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The Collaboration Color Wheel

Designers love the color wheel because it makes relationships between various colors and hues easy to see.  Some colors are primary, some secondary or tertiary, some work well together, and some just don’t.  But why do oranges go with blues?  What makes some pairs of colors fab while others fail?

Teams collaborate to achieve a higher caliber result than working individually would produce. Like the color wheel, some teams just seem to be a better match.  Individuals bring their own unique combination of traits to the table that must be blended with others.  Sometimes this is easier said than done.  Great collaboration means checking your ego, emotions, and fears at the door so ideas can be introduced and vetted. Consider the following situation. What issues sound familiar?

MarketStrength Media, Inc has been in business for eight years and is owned and led by founder, Rita Thomas.   Rita has called a meeting with your boss and team to discuss the social media marketing theme for next year. You are dreading the meeting because although your company has done a wonderful job embracing diversity, it has a long way to go to master collaboration. Attendees in the meeting are Rita, Jack, Sue, Tom and you. All of you have extensive knowledge, experience and a track record of great results, but you also have some issues. Rita has a brilliant mind and processes information quicker that most people. Simply having authority in the room is intimidating for your team. Jack has the most marketing experience, he has created the majority of the company’s marketing plans, but he tends to be defensive when his ideas are challenged. Sue, Tom and you have the same seniority in the company and the same level of knowledge with different personalities. Sue is highly competitive and can be emotional when presenting her point of view. Tom is a yes man who rarely disagrees with authority. You are of course perfect!

Whether you are leading the meeting or participating in it, recognize these common issues with group dynamics and prepare for them. Ask yourself, what problems can occur from each of these issues? How do you deal with each person’s issues without hijacking someone else’s? Here are some tips.

Authority in the room—when there are people in the meeting that have a high level of authority, they can intimidate others. If you are that person, hold back your opinion until the other members have spoken so it does not bias the room. Be sure to set the right tone. Rita could open the meeting by saying, “We will spend the next two hours brainstorming ideas for the social media marketing theme for next year. Our goal is to have a dozen themes to consider. Once we have them, we’ll have some fierce conversation and debate each theme. I’m counting on you to speak freely.”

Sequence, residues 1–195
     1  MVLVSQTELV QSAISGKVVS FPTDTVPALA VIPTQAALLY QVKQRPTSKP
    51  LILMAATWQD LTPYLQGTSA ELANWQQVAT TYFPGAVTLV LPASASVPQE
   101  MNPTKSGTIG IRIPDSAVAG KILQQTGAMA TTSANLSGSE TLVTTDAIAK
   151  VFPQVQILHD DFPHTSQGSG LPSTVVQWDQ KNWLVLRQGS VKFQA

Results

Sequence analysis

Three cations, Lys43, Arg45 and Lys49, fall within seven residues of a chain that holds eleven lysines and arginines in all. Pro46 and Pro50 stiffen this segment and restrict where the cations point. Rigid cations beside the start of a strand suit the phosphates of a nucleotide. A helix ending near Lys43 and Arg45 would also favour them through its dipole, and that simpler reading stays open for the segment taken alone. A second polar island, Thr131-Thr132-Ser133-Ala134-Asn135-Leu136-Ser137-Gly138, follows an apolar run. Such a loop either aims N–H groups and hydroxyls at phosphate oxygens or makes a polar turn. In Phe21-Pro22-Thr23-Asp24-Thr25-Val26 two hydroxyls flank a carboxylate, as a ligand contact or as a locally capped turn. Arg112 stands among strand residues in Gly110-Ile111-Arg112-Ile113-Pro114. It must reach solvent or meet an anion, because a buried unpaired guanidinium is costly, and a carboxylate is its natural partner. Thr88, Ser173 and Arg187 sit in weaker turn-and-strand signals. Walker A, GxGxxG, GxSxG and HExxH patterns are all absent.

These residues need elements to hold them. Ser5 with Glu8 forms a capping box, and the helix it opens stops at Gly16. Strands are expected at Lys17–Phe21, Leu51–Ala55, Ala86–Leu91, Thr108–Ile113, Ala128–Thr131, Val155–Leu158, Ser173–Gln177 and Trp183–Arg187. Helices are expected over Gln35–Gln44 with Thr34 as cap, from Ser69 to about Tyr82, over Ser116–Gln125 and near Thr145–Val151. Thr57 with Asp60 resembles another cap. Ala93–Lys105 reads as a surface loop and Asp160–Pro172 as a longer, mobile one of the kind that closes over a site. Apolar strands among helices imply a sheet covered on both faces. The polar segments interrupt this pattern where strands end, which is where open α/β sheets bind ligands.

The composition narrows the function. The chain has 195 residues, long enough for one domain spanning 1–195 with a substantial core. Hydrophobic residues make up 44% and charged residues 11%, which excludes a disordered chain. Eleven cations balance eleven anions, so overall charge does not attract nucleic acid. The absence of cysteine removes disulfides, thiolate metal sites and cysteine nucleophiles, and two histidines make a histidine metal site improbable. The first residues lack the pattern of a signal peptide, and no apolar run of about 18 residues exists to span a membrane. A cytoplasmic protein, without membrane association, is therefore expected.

Defensiveness—the enemy of collaboration is defensiveness and defensiveness comes from fear. Although the fear can vary, it is often some form of ‘not good enough,’ including not liked enough, not smart enough, or not working hard enough.  When offering opposing ideas, especially to a defensive team member, avoid beginning with ‘You’re wrong, that’s not true,” or “I disagree.” You might respond to Jack with softer statements like, “another option to consider, would it be possible?” or “could we consider?” Another golden phrase is, “yes, and…” ‘Yes’ acknowledges what the other person has said while ‘and’ is your transition for adding more.

Competitiveness—some people enter a meeting as if it is a competitive sport they want to win. There is only one winner and that winner has the best idea; ultimately, the idea that is adopted.  Therefore, they will spend their energy working to convince the group to adopt their idea rather than participating in the open exchange of ideas. To combat competitiveness, acknowledge Sue’s idea, but remind the group you need a few more.

Emotional—this covers a lot of territory but once emotions begin to stir in even one team member, it halts progress. Common emotions in a meeting include passion for or against an idea and having your feelings hurt. Emotions can be counter balanced with facts and data rather than direct judgement. Keep in mind fear of hurting someone’s feelings can be as limiting to the effectiveness of a team as someone who is careless with other’s feelings.

Yes man—in many organizations, being agreeable, especially with authority, is a desired trait. Unfortunately, a yes man (or woman) adds no value. To encourage alternate ideas, especially those that are contrary to the leader’s say, “who has an alternate viewpoint from Jack?” or “someone disagree with me.” These simple phrases invite contrary opinions.

Lack of Self-awareness—nobody’s perfect. Not even you. What issue are you dragging into the room with you?

Prepare for the strengths and weaknesses of participants prior to entering a meeting. It can be as important as the meeting’s subject matter itself.  Collaboration is not simply an exercise or activity.  It is a value organizations are embracing.  Become aware of your team’s collaboration color wheel and make adjustments to accommodate individual differences.  You may just find a pot of gold at the end of that rainbow.

By |2018-08-08T13:50:23+00:00August 8th, 2018|HR Best Practices, Research & Trends|0 Comments

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